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Monday, December 09, 2019 {{ new Date().getDay() }}

MOBILE, AL — Poor Doug Jones. Like so many politicians, he seems either unable or unwilling to concede the dismal election landscape in which he finds himself. He seems to believe that he can survive in this crimson-red, Trump-loving state.

The only Democratic U.S. senator from the Deep South and the first Democrat elected to the Senate from Alabama in 25 years, Jones won a special election in December 2017 only because Alabama Republicans chose a singularly repugnant nominee, Roy Moore. But Jones is easily the most vulnerable senator up for re-election in 2020, and he is quite unlikely to prevail.

That’s why it makes no sense for him to dither over his vote in President Donald J. Trump’s impeachment trial. A former federal prosecutor, the Alabama senator knows perfectly well that the president has committed offenses that cry out for his removal from office. Jones should vote to oust him and accept his impending defeat with his principles and dignity intact.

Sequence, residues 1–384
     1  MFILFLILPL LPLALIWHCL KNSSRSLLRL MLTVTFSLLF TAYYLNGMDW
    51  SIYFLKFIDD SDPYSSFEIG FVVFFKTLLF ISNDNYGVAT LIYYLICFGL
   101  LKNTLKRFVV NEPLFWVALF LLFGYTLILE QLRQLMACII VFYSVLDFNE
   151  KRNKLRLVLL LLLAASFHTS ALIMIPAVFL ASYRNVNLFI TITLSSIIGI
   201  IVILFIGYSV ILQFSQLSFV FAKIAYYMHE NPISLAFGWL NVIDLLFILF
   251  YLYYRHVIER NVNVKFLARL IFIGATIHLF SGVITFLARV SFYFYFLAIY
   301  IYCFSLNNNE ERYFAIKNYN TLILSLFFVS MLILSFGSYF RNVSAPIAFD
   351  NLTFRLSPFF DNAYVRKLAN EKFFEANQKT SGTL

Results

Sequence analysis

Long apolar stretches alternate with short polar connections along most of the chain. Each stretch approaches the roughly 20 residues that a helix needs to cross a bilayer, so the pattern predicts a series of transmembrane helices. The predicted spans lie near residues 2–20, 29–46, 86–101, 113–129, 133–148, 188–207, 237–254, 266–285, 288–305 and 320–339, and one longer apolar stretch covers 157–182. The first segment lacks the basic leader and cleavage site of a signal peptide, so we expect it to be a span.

Yet, he has postured and posed as a possible Democratic defector, suggesting that he sees reasons to vote against ouster as well as reasons to vote for it. “I’m trying to see if the dots get connected,” he said in a December interview on ABC’s “This Week.”

Not only are the dots connected, but they also paint a glaring and grim portrait of a president who uses his office for personal gain, who tried to extort a vulnerable ally, Ukraine, to gin up slanderous accusations against a domestic political rival, Joe Biden. If Jones were prosecuting this case in federal court, he would be aggressive in pursuing the case for extortion. He would smell a conviction at hand.

And it doesn’t matter if Jones goes against the wishes of Senate Minority Leader Chuck Schumer, anyway. Unless Moore is the nominee — he is seeking the seat again but is unlikely to win the nomination — Jones has less chance of winning than an ice cube of surviving the sidewalk in an Alabama summer.